• When was the earth dry after the Flood of Noah’s day?
  • Who destroyed Sodom? In Genesis 19:13, two angels claim they would destroy Sodom, but verse 24 records that the Lord destroyed it.
  • Did Abraham have one son or more than one?
  • What is God’s name in the Old Testament?
  • Did the fifth plague kill all of the Egyptian livestock or not?
  • Is God a God of war or a God of peace?
  • Did animal sacrifices remove sin?
  • Do rabbits really “chew the cud”?
  • Deuteronomy 34 states that Moses was in good health at 120 years old; does Deuteronomy 31 suggest otherwise?
  • Does God really abhor human sacrifice as stated in dDeuteronomy 12:31, or did He accept it in the case of Jephthah [Judges 11]?
  • Is the earth immovably set on pillars or hanging on nothing?
  • 1 Samuel 9:1 states that Kish (Saul’s father) was the son of Abiel, but 1 Chronicles states that Kish was the son of Ner… so which is it?
  • Was David offered three years of famine or seven years of famine?
  • 2 Samuel and 1 Chronicles seem to claim that david paid different prices to different individuals for the site of the temple… did he?
  • How long did God say people will live after Noah?
  • Were stars created before or after the creation of the earth?
  • Did Jesus go up or down the mountain to deliver the Sermon on the Mount?
  • Did Jesus contradict Himself by calling people fools?
  • Should Christians pray in public or not?
  • Was John the Baptist Elijah or not?
  • Why does the Bible say to be like a child, but then to put away childish things?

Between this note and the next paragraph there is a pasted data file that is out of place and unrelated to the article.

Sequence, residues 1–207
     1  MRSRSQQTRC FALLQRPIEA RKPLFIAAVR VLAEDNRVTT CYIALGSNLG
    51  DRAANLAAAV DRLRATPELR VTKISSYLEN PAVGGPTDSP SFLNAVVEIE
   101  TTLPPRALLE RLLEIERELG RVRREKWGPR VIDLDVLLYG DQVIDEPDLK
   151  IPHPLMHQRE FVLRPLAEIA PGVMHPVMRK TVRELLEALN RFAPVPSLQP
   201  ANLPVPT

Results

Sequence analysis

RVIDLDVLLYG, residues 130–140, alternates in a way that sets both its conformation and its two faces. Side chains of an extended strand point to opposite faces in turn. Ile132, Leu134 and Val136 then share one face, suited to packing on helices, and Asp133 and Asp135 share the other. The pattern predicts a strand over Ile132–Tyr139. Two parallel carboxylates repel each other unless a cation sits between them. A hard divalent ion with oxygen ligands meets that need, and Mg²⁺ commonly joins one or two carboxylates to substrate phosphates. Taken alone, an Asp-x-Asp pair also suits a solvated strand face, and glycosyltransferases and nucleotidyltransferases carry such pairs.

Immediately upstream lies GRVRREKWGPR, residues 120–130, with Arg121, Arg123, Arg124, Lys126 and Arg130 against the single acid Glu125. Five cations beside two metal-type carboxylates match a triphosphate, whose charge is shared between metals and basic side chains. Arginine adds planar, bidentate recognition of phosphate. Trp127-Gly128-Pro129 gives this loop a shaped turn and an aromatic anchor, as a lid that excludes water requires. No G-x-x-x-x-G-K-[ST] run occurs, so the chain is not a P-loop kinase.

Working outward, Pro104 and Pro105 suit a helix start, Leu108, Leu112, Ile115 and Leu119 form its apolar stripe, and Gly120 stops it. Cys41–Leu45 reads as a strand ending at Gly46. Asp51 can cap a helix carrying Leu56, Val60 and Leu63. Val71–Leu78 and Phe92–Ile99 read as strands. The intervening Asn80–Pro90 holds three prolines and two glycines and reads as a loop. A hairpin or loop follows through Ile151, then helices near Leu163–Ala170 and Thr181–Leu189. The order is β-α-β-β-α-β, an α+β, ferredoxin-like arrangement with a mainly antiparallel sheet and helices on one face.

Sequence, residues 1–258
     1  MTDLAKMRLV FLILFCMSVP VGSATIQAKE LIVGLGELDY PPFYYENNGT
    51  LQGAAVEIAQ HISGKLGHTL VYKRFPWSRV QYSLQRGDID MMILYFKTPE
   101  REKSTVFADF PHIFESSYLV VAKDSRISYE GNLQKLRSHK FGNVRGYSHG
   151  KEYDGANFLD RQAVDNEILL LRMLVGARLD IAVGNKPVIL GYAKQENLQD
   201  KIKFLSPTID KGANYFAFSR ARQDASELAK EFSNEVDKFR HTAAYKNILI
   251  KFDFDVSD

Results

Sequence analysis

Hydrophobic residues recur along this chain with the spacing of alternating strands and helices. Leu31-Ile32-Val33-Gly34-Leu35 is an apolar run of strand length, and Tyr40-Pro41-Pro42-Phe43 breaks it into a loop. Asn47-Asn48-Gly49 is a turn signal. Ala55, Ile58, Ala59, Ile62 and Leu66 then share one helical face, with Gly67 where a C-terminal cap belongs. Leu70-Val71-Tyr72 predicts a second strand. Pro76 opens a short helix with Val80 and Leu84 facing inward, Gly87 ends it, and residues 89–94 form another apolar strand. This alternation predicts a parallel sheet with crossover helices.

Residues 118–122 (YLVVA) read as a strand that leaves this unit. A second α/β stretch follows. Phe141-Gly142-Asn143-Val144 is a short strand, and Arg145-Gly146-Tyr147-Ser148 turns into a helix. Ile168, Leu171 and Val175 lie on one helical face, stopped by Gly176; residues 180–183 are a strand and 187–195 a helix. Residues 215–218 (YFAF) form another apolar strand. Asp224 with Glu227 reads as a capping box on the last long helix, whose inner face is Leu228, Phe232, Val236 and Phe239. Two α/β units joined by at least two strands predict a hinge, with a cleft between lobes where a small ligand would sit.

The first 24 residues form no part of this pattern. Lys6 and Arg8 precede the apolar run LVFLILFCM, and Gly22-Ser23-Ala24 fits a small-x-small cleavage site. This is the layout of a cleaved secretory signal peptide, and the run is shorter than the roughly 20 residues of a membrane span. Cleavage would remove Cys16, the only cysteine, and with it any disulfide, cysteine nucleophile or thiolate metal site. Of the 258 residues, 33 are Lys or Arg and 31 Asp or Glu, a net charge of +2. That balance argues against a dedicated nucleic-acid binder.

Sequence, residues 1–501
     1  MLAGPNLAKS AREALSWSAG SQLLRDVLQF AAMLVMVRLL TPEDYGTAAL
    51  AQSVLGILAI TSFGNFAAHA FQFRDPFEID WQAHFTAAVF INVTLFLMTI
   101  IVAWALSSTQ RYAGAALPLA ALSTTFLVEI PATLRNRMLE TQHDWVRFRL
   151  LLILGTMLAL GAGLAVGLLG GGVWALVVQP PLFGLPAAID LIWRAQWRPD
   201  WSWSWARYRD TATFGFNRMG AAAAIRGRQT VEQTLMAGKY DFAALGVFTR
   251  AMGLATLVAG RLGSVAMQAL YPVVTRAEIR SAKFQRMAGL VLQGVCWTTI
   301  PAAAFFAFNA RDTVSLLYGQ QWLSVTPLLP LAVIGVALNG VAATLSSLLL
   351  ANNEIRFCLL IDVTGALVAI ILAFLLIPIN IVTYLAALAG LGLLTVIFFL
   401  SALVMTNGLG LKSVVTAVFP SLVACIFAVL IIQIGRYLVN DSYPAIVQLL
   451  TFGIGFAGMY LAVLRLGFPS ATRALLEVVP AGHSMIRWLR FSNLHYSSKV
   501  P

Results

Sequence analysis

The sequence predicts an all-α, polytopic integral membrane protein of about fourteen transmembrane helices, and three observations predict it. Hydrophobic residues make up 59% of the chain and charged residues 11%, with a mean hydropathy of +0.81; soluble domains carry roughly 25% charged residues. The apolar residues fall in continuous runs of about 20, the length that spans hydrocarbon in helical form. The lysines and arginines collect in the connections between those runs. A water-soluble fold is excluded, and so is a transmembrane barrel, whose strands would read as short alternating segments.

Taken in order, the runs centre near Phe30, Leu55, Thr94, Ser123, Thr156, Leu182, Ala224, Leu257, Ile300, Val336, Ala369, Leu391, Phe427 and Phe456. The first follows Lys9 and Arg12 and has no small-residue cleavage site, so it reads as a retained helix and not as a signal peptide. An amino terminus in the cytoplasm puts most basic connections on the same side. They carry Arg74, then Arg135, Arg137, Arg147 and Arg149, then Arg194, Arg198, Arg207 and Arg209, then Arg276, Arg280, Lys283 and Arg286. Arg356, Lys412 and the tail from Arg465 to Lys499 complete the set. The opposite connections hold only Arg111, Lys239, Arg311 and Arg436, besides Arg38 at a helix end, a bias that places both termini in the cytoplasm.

• The book of Matthew states that the mother of James and John asked Jesus for a special privilege, while the book of Mark declares that James and John actually asked for this honor… so who was it?
  • Did the fig tree Jesus cursed wither immediately?
  • Was Jesus wrong about Zechariah’s father?
  • When was the Temple veil torn in two?
  • Did Jesus first appear to the 11 disciples on a mountain in Galilee or in Jerusalem behind closed doors?
  • Was Jesus in the wilderness or at the wedding in Cana three days after His baptism?
  • Did the cock crow once or twice?
  • When did Jesus cleanse the Temple?
  • Can a thief go to heaven?
  • God said it was not good for man to be alone, so why did Paul say it is good to remain single?
  • Who gets the blame for original sin – Adam or Eve?
  • Is money the root of all evil?
  • Is all Scripture inspired by God, or is some of it the opinion of the writers of Scripture?
  • Why would Lot be called righteous in 2 Peter 2:7-8 when he did so many bad things as recorded in Genesis 19?
  • Did Enoch die as Hebrews 11:3 seems to imply or was he taken as stated in Genesis 5:24 and Hebrews 11:5?
  • Can God be tempted?
  • Are Christians living contradictions because they don’t follow all of the Old Testament laws?

This book is just as awesome and practical as the first one. Pick up a copy today.

You can view the book trailer at or buy it from Amazon, Barnes & Noble or Christianbook. Also available in e-book format.

Rev Tony Breeden, from the Bookwyrm’s Lair

Disclosure of Material Connection: I received this book free from the publisher through the New Leaf Publishing Group Book Bible Defender’s Review Team <>. I was not required to write a positive review. The opinions I have expressed are my own. I am disclosing this in accordance with the Federal Trade Commission’s 16 CFR, Part 255 <> : “Guides Concerning the Use of Endorsements and Testimonials in Advertising.”

About Tony Breeden

Tony Breeden is an author, creation speaker, Gospel preacher, vocalist and artist from West Virginia. He is also the founder of Find out about his books at